The latest addition to my website is Dušan Šarotar‘s Panorama (Panorama). This is a superb meditative novel, along the lines of the work of W G Sebald and Claudio Magris, though very much of its own kind. It is more poetical work than those, and makes extensive uses of photographs. Our narrator travels to Galway Bay, where he focuses on the terrible weather but also meets Gjini, an Albanian immigrant to Ireland who will act as his guide/alter ago both here in Galway and later in Belgium, specifically Ypres. He takes his photos, describes what he sees and listens to Gjini and others talk about issues such as language, belonging, identity, homeland and, of course, war and death. His travels (and the travels of others he recounts) take him to Ghent, Brussels, Antwerp, Ypres, Sarajevo, Maribor and Mostar, where he takes his photos and meets others, particularly Eastern Europeans, who have often fled their homeland. He often sees the dark side but is not entirely negative by any means. It is a superb poetical work, the first work of Šarotar to be translated into English.

Feri Lainšček: Namesto koga roža cveti (Instead Of Whom Does The Flower Bloom)

lainscek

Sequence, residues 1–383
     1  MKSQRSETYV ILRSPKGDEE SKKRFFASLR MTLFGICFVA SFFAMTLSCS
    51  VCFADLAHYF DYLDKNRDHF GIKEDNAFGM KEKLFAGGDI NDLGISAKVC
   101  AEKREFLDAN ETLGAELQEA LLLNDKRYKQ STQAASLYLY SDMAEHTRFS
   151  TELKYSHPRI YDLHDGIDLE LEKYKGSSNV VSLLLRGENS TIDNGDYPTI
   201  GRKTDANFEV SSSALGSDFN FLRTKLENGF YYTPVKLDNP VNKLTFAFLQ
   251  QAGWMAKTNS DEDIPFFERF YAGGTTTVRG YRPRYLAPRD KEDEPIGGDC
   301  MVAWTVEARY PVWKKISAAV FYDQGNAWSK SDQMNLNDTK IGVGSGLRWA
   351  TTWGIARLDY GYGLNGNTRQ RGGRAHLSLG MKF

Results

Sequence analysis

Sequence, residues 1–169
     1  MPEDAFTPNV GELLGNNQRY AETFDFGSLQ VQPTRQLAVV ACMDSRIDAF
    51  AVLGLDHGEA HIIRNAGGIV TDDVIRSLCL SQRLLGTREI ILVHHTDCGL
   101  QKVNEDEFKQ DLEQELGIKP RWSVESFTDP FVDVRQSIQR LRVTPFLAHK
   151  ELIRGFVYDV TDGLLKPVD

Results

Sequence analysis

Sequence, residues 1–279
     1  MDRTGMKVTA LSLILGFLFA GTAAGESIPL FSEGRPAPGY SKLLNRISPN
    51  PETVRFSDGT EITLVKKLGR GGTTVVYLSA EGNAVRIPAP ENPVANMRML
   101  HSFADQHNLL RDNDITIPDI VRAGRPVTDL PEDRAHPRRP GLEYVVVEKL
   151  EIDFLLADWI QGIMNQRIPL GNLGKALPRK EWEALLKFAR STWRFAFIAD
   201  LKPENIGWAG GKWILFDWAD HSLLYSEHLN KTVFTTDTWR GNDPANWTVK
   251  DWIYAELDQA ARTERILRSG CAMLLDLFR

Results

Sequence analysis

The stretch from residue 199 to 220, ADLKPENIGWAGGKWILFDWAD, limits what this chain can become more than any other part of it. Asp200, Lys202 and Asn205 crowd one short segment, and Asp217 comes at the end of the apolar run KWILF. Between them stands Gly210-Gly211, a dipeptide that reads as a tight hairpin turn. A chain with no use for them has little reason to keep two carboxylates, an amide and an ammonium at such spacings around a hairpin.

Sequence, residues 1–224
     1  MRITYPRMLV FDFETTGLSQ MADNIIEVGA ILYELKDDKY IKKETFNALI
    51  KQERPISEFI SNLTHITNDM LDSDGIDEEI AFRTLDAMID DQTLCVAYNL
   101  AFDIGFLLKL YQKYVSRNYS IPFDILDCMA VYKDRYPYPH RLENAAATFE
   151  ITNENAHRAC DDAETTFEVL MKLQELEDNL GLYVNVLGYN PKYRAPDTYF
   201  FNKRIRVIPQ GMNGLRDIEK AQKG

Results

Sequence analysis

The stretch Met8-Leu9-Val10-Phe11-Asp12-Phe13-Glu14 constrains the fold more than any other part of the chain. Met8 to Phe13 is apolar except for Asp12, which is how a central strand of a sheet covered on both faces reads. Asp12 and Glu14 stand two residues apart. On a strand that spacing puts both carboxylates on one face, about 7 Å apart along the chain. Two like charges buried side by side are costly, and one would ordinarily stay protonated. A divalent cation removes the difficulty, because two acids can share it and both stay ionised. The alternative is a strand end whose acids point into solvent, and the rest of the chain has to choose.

The latest addition to my website is Feri Lainšček‘s Namesto koga roža cveti (Instead Of Whom Does The Flower Bloom). Lainšček grew up in north-eastern Slovenia (then Yugoslavia) near Roma villages and got to know the Roma people. These book is about a Roma family and their neighbours. Halgato (it is a type of gypsy violin playing) is the son of Mariška (real name: Sanji) who, at the beginning of the book, has knifed a secret service agent. He will shortly be arrested. Before his arrest he passes on his nickname, his talent and his violin to his son. Sanji/Halgato’s mother, Tereza, is soon joined by Bumbaš, an itinerant tinker and his three children. He takes the children, including Halgato, with him on his rounds but is not very successful, spending what little cash he earns on drink and women. He soon realises that this is not going to work and his son, Pišti, goes off to school (the only gypsy in the book who learns to read) while he takes Halgato to Bazika Joska, an experienced violinist. Bazika Joska recognises Halgato’s talent and Bumbaš and Halgato set off touring, living on what Halgato’s playing earns them. When they return home, Bumbaš finds that both of his daughters have been made pregnant by the same man. When this man’s body is fished out of the river, Bumbaš is arrested. Meanwhile, Pišti has started an affair with Iza but when he causes a fatal car crash, he is arrested and sent to prison. Halgato, who is also in love with Iza, seizes his chance. Meanwhile, Pišti kills guard while trying to escape and is sentenced to further imprisonment. The books starts when Halgato and Pišti meet up, after Pišti has been released, gone to the US and returned. The meeting is naturally bitter. The gypsies in the book all seem to be stereotypes and all seem to be unhappy. Halgato plays the violin a lot (the title of the book comes from a song he plays) but it does not seem to make him happy. Indeed, he continually is looking for a way out but cannot see one. However, the book is interesting in giving a portrait of a culture which, for most of us, will be unknown and Lainšček tells his story well.